Just when I think I already live in a remote part of Tropical North Queensland, I travel in a different direction to discover even more far-flung, yet equally picturesque places. And this Christmas was no exception. It’s my 8th one away from ‘home’ with just me and the Sailor, minus family or obligatory traditions, so I decided to send us off-grid for a while to visit the Atherton Tablelands, a remote hinterland just an hour away from Port Douglas.
Driving up some 1’000 meters of windy roads, with my new hiking book in hand & our near-new camping gear stuffed in the back, I was pumped for our 12-day adventure. Yet even after solely planning this trip to the minutest detail, I would still be totally amazed with what this region had to offer, and I’d soon discover a new found appreciation for toilets.
We started off near Mareeba which first grabbed my attention because of the rum distillery there, and being Christmas I wasn’t going to let that one slide. I booked a place around the corner called Granite Gorge which I found out was an area native to a small colony of endangered Rock Wallabies.
As we arrived a handful of wallabies bounced over to check us out whilst we unloaded our things, and it was one of those dreamy Aussie moments when you know you’re undeniably Down Under. To top it off, as I entered our cabin I found a beautiful peacock camping on our balcony, which must have been his favourite spot considering the poos he left on the deck! They all became regular visitors.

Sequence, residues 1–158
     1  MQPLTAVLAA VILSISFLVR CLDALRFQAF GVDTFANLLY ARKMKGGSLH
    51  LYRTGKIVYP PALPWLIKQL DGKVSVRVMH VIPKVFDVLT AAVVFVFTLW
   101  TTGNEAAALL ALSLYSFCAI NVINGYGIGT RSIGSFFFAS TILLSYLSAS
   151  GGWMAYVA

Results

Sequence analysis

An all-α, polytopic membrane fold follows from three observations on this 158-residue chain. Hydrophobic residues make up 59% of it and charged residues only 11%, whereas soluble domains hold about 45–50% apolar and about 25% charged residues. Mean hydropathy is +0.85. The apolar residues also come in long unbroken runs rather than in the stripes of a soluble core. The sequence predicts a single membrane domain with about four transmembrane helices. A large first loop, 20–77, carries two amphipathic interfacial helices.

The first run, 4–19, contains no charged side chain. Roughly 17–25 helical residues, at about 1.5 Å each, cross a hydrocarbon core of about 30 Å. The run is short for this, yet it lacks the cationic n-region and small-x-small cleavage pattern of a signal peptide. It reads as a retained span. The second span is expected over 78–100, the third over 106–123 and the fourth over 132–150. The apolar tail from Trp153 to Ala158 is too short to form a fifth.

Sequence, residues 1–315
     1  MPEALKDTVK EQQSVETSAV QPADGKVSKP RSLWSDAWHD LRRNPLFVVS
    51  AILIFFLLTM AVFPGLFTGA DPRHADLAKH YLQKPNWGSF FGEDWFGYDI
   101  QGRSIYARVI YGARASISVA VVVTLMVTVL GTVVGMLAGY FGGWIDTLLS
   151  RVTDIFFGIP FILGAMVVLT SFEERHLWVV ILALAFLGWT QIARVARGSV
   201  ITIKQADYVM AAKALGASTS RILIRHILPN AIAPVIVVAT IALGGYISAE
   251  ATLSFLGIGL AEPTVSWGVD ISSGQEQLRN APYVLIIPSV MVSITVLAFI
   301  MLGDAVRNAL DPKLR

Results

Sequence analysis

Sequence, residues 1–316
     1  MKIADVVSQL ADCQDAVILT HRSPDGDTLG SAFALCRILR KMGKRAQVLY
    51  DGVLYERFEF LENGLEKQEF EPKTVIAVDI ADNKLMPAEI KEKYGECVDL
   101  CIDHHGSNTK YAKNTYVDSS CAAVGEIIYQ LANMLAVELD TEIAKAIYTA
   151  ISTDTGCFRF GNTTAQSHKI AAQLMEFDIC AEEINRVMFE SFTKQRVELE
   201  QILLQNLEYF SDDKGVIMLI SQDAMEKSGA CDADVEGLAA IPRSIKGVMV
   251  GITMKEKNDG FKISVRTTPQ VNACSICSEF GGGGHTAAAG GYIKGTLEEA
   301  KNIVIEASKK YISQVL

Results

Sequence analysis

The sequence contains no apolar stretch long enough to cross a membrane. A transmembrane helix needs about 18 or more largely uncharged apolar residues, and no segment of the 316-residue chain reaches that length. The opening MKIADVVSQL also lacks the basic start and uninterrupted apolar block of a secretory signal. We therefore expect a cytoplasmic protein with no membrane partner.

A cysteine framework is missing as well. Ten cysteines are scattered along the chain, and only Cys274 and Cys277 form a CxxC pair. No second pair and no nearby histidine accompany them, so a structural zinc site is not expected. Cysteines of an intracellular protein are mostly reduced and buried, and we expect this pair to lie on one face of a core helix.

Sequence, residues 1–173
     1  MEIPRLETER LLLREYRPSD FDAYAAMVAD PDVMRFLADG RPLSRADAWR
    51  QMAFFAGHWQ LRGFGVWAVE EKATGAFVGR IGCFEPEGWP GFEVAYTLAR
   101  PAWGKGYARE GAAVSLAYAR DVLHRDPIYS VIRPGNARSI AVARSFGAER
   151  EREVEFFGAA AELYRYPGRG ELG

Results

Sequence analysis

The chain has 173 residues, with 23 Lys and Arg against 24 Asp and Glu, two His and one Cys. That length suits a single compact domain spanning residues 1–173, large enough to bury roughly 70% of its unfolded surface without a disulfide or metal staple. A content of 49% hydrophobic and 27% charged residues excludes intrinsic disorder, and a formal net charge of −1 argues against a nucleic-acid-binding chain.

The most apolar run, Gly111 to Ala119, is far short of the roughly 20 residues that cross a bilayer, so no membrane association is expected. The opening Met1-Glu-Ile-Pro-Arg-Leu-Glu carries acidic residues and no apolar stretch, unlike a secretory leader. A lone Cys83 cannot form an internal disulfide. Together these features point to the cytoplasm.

As the planner of this entire trip, it’s nice to know I’m getting better at it.
We were both blown away by how nature rich this area was, and it started off our holiday perfectly. After waking up to blissful views and birdsong, we explored the hiking track around the gorge, traversing over huge rocks & through low lying Eucalypt forest which was teeming with life. The only sounds were from the cicadas and kookaburras, and the walk was pleasantly flat. Usually we need to hike up some pretty epic steep trails near our home, so it was nice not sweating a bucket!
We bought a pack of dry food with us and regularly stopped to feed the wallabies along the way. They were generally really cute and well-kept, although a few older ones looked a bit worse for wear with scratches around their body. They were often the dominant alpha-males who got into scraps with the others in an effort to hog the food.
Approaching dusk each night, we perched up on a granite boulder with a stubby (that’s a beer for my non-Ozzie friends) and watched the sky turn from pink to purple and a rainbow of other colours. As we did, we got to hang out with our new furry mates a little more and they knew this was feeding hour as, one by one, they all followed each other over.